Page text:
Let
J
n
= (
c
n
+1
, c
n
),
K
n
= (
d
n
, d
n
+1
) for
n
∈
N
;
H
= (
c
1
, d
1
). Let also
² >
0 be given. Because
f
is continuous at
c
n
,
there is
δ
n
>
0 such that

x

c
n

< δ
n
implies

f
(
x
)

f
(
c
n
)

< ²/
2
n
+2
. In particular,
f
(
c
n
+
δ
n
/
2)

f
(
c
n

δ
n
/
2) =
f
(
c
n
+
δ
n
/
2)

f
(
c
n
) +
f
(
c
n
)

f
(
c
n

δ
n
/
2)
<
²
2
n
+1
.
Similarly, there is
η
n
>
0 such that

x

d
n

< η
n
implies

f
(
x
)

f
(
d
n
)

< ²/
2
n
+2
. In particular,
f
(
d
n
+
η
n
/
2)

f
(
d
n

η
n
/
2) =
f
(
d
n
+
η
n
/
2)

f
(
d
n
) +
f
(
d
n
)

f
(
d
n

η
n
/
2)
<
²
2
n
+1
.
Let
L
n
(
c
n

δ
n
/
2
, c
n
+
δ
n
/
2),
M
n
(
d
n

η
n
/
2
, d
n
+
η
n
/
2) for
n
∈
N
. Since this may look a bit complicated, I will insist
that the idea is quite simple and natural; draw a picture! The family of open intervals
{
J
n
} ∪ {
K
n
} ∪ {
L
n
} ∪ {
M
n
} ∪ {
H
}
is a countable family covering (
a, b
) and if we add all the
˜
‘
values of these intervals we notice
∞
X
n
=1
˜
‘
(
J
n
)
=
lim
n
→∞
n
X
k
=1
(
f
(
c
k
)

f
(
c
k
+1
)) =
f
(
c
1
)

lim
n
→∞
f
(
c
n
+1
) =
f
(
c
1
)

f
(
a
+)
.
∞
X
n
=1
˜
‘
(
K
n
)
=
lim
n
→∞
n
X
k
=1
(
f
(
d
k
+1
)

f
(
d
k
)) = lim
n
→∞
f
(
d
n
+1
)

f
(
d
1
) =
f
(
b

)

f
(
d
1
)
.
˜
‘
(
H
)
=
f
(
d
1
)

f
(
c
1
)
.
∞
X
n
=1
˜
‘
(
L
n
)
=
∞
X
n
=1
f
c
n
+
δ
n
2
¶

f
c
n

δ
n
2
¶¶
<
∞
X
n
=1
e
2
n
+1
=
²
2
.
∞
X
n
=1
˜
‘
(
M
n
)
=
∞
X
n
=1
‡
f
‡
d
n
+
η
n
2
·

f
‡
d
n

η
n
2
··
<
∞
X
n
=1
e
2
n
+1
=
²
2
.
Because we have a countable cover of
I
, the sum of the expressions on the left of the first of all these equali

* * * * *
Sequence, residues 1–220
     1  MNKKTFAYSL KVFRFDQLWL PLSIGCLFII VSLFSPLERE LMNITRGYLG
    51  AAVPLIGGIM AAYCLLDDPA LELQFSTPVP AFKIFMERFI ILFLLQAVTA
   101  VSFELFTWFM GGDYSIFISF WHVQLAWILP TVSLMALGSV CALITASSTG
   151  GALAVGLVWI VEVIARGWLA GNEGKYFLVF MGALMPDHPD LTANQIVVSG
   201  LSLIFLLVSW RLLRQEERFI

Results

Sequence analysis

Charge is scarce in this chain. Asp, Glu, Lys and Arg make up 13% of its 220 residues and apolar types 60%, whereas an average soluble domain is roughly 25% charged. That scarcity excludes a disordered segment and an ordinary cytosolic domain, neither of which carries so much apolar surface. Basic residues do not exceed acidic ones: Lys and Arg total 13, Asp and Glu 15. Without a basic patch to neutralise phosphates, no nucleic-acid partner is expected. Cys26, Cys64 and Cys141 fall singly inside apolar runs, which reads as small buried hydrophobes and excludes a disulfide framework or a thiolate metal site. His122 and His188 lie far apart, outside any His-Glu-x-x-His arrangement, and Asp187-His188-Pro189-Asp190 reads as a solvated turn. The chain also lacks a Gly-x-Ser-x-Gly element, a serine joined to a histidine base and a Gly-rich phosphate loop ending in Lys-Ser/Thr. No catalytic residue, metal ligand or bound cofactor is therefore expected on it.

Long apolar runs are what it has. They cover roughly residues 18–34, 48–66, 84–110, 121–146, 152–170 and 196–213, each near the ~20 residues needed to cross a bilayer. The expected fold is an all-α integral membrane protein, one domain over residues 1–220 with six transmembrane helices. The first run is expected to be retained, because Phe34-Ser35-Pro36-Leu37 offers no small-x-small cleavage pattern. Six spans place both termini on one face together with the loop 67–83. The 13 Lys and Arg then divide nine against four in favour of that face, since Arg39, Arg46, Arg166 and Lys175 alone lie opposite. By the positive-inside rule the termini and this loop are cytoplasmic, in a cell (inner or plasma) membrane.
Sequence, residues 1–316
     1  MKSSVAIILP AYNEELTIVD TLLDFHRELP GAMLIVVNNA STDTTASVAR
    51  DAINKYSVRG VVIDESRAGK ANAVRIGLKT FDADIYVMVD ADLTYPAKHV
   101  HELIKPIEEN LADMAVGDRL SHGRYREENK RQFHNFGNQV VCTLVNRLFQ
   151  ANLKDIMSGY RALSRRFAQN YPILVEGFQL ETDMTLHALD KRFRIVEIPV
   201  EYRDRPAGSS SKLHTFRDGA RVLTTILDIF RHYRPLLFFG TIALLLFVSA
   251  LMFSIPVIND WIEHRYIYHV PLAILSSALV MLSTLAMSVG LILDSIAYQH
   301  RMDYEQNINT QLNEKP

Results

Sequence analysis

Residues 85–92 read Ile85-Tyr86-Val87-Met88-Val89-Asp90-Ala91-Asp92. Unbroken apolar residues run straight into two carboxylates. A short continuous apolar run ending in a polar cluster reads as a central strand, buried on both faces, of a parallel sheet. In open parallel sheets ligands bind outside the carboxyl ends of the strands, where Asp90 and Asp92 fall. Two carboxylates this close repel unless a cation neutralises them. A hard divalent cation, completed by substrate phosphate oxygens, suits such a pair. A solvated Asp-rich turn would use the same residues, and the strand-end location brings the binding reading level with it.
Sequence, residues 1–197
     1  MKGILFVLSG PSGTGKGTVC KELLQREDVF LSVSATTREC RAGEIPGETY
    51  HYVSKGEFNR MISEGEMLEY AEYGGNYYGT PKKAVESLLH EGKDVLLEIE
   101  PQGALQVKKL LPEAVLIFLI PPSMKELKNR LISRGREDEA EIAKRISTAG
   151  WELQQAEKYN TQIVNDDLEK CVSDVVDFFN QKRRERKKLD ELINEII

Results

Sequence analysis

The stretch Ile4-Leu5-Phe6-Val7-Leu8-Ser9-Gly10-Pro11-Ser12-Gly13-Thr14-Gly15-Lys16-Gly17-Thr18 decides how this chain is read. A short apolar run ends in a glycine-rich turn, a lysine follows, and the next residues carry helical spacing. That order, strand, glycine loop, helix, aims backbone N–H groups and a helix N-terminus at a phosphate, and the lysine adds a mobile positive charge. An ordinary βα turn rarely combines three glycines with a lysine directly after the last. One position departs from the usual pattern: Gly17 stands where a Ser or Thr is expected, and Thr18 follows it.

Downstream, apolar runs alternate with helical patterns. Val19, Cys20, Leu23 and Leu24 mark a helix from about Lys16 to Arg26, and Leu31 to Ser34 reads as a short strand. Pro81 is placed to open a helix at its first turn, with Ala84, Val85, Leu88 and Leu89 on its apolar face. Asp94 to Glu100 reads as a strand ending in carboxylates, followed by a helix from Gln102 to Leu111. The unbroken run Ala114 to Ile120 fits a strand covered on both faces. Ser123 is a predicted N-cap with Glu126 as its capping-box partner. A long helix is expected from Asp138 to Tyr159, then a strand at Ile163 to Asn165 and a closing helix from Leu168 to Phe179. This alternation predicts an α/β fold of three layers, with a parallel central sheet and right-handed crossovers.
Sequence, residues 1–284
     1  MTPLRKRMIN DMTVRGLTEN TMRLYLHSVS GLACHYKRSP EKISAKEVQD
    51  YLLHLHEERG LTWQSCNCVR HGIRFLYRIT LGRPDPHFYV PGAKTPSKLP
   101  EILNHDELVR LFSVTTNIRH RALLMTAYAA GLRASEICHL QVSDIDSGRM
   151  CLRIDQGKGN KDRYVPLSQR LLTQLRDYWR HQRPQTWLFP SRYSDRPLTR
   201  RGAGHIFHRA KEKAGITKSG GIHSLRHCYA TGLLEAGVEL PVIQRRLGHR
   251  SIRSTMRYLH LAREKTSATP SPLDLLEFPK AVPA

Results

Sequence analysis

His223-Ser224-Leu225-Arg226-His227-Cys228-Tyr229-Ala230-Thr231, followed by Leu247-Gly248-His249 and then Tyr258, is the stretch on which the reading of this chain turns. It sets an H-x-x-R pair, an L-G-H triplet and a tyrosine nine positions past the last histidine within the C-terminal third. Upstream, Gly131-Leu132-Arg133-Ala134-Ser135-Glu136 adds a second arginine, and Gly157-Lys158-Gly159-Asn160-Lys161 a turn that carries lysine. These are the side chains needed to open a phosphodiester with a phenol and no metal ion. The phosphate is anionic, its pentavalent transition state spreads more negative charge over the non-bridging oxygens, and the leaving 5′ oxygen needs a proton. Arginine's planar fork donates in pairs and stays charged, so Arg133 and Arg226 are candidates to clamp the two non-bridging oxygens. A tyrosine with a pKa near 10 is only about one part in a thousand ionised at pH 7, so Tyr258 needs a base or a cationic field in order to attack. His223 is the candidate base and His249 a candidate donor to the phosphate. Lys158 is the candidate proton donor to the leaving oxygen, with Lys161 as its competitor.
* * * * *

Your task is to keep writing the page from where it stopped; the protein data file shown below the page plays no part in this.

ties/inequalitites dominates
μ
*
(
I
); adding up we thus get
μ
*
(
I
)
< f
(
b

)

f
(
a
+) +
².
Since
² >
0 is arbitrary,
μ
*
(
I
)
≤
f
(
b

)

f
(
a
+) follows,
establishing Claim 2.
Claim 3.
If
I
= (
a, b
],
∞ ≤
a < b <
∞
, then
(7)
μ
*
(
I
) =
f
(
b
+)

f
(
a
+)
Assume first that
a >
∞
. We can proceed exactly as we did in proving the first inequality in (4), with two difference.
The countable cover
{
J
n
}
is defined in the same way in terms of
²
, but then we use the fact that [
a
+
η, b
] is compact
to extract a finite subcover of [
a
+
η, b
]. That is the first difference; that
b

η
does not appear; it is replaced by
b
. The
second difference is that where we used
f
(
b

η
)
≤
f
(
d
n
k
), now we use that
f
(
b
+)
≤
f
(
d
n
k
). Everything else is the
same, and we end with
μ
*
(
I
)
≥
f
(
b
+)

f
(
a
+). For the converse of this inequality, select any
c
∈
(
a, b
) at which
f
is
continuous. For a small
δ
consider the open intervals (
a, c
)
,
(
c

δ, c
+
d
)
,
(
c, b
+
δ
). These intervals cover
I
; because
μ
*
is an outer measure and by Claim 2:
μ
*
(
I
)
≤
μ
*
((
a, c
))+
μ
*
((
c

δ, c
+
δ
))+
μ
*
((
c, b
+
δ
)) =
f
(
c

)

f
(
a
+)+
f
((
c
+
δ
)

)

f
((
c

δ
)+)+
f
((
b
+
d
)

)

f
(
c
+)
.
Using the continuity of
f
at
c
, letting
δ
→
0, we get
μ
*
(
I
)
≤
f
(
b
+)

f
(
a
+),
establishing Claim 3
.
With this we can return to where we were on hold, namely at (3). With the notation as defined there, we have
(8)
μ
*
(
I
1
n
) +
μ
*
(
I
2
n
) =
μ
*
(
I
n
) =
f
(
b
n

)

f
(
a
n
+)
4